Sometimes embroidering directly onto a garment is impractical, impossible or just ineffective. Creating your own embroidered patches is a straightforward alternative for these situations. You can directly sew your design into organza fabric as opposed to a finished garment. These can then be cut out into patches and sewn onto almost anything. They’re simple to create and surprisingly beautiful, with results quite similar to their traditionally embroidered counterparts. And with this technique of embroidery, you can precisely position without opening seams, embroidering over lumpy seam allowances or worrying about exact placement when hooping.
What you would need – Besides general machine embroidery supplies (good quality backing, embroidery design, thread, embroidery needles), you’ll need polyester organza to serve being a base to stitch on. One additional item will allow you to make perfect appliques: a heat tool. This may be a wood-burning tool, a stencil cutter or perhaps a multi-purpose tool (offered by most craft stores).
The temperature tools have different tips, and you’ll probably discover that the one having a very sharp point is easiest to handle. This tool will disappear excess organza around the outside the embroidery, leaving the outlines intact and providing a soft and pliable applique you can attach to just about everything. Have a very damp sponge inside your work area while melting the organza to clean up the tip from the tool and take away any melted organza that might otherwise stain the embroidery thread
Designs – Nearly every design can turn into a patch. When you evaluate a design, try to find open areas or any areas of straight stitching that may be troublesome. Resist the obvious considered to remove tile organza around the straight stitching. Straight stitching isn’t stable enough to stand up to wear and tear, and the organza will eventually work its way out from under tile stitches. It’s also best to leave the organza in the open work areas.
Organza is very stable and stands up well to your heavy stitch count design. Dark colors will show through with light colored thread, so select a neutral color organza which will work well with a lot of designs. Leave the organza in the open regions of tile design to add dimension and stability.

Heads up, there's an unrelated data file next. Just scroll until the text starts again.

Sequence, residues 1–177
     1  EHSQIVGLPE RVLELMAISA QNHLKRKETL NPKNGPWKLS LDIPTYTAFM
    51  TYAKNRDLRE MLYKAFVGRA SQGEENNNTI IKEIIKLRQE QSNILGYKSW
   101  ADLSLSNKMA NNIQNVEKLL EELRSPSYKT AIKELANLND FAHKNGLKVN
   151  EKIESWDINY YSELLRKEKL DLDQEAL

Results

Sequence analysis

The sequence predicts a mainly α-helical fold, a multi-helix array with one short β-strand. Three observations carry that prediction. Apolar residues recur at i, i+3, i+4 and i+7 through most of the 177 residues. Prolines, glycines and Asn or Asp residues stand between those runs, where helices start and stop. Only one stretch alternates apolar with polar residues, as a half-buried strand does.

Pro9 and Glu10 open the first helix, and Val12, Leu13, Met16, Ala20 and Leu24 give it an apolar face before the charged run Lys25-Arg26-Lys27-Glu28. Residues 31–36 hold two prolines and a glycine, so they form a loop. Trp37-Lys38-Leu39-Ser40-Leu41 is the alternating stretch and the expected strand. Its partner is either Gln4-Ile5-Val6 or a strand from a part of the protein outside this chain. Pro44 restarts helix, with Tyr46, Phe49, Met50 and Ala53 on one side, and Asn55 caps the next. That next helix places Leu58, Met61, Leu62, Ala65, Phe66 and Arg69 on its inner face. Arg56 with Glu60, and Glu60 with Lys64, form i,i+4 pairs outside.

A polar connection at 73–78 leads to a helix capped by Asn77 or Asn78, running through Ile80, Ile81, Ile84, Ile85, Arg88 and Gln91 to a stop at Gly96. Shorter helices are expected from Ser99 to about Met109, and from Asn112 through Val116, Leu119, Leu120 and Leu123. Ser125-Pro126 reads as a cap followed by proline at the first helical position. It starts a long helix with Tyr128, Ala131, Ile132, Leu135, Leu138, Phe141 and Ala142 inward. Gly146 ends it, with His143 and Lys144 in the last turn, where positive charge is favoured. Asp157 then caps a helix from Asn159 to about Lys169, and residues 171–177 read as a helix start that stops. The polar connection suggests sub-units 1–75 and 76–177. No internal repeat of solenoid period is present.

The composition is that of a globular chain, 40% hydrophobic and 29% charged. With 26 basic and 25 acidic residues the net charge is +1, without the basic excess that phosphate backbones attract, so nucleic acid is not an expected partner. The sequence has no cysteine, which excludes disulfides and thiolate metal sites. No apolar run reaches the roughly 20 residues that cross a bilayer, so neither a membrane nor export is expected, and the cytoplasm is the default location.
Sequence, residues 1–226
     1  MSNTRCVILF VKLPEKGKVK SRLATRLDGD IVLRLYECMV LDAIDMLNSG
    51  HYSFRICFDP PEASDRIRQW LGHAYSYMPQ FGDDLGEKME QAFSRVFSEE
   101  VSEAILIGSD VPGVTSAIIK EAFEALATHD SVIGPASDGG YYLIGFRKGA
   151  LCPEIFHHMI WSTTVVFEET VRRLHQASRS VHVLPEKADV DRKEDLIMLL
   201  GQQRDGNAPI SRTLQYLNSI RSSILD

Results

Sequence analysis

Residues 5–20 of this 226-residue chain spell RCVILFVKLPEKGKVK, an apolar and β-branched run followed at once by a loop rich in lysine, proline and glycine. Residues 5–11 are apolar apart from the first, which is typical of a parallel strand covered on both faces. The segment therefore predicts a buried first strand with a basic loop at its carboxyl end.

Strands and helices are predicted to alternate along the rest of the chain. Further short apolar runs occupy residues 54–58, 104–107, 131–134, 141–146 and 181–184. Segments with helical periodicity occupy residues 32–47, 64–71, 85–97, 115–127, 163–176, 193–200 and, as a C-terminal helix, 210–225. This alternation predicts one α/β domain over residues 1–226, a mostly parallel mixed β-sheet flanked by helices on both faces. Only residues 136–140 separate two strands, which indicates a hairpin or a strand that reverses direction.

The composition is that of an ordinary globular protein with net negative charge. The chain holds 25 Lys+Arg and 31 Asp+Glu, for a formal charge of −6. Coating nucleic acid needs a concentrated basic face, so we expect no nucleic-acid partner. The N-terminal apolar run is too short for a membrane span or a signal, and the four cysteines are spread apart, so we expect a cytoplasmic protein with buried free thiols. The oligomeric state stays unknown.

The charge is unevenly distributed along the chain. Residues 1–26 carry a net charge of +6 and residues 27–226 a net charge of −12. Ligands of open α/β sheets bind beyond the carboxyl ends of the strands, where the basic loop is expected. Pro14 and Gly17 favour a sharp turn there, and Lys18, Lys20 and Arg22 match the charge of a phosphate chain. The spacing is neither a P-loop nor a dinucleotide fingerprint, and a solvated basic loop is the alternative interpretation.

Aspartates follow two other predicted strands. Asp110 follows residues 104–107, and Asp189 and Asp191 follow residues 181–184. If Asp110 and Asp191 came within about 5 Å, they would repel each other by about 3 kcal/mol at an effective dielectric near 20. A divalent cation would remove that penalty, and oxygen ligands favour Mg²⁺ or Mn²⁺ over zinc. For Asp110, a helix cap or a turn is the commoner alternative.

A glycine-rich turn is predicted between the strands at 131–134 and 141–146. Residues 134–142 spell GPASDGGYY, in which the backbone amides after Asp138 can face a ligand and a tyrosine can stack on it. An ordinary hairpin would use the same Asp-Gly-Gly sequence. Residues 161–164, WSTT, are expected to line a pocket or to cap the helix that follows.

Although an excellent base fabric for embroidered patches, organza still has to be stabilized. Use either water-soluble backing or even a professional-quality, tear-away backing. Try to match the backing towards the garment fabric so the design will blend to the background. Usually one layer will suffice, however if the stitch count warrants a heavier backing, use multiple layers. It will still provide a soft, pliable applique. Hoop the backing and organza together in a hoop large enough to accommodate the embroidered design.
Note: Slippery organza will be simpler to hoop if you first adhere it for the backing having a temporary spray adhesive.
Once the design is stitched on the organza, take it out of the hoop, and gently remove excess backing from tile back. Remove all backing before melting the organza. The backing will leave a gummy residue on the heat tool and can mar the embroidery. Use tweezers to eliminate any backing caught in small areas. Although it’s generally not advised to clip the tlrreads on tile back of a design, clip any that may show on the front. Leave some thread tails that can be tucked behind the applique as soon as you attach it towards the garment. Utilize the heat tool to get rid of excess organza from around the fringe of your design. This is actually the exact same technique used qawntn professionally manufactured custom embroidered patches.
Run the tool approximately 1/8″ out of the design edges. Don’t get too close, as polyester embroidery threads will melt using this heat source. Rayon embroidery thread can better withstand the warmth in the tool. When the organza is melted, the applique boasts stable edges and secure outlines.
Attaching the patches you’ve created – Always use a thread color that matches the design outline. Then machine stitch appliques in place using a narrow zigzag. Or hand-sew to secure using small overcast stitches.
On sleeves or pant legs, the circumference would be the deciding factor for how an applique is attached. For instance, on the featured garment, too-narrow sleeves prohibited machine-applied appliques. When attaching multiple appliques on one garment, utilize the same technique throughout to find the best overall appearance. Once all of the appliques will be in place, attach any desired trims and buttons.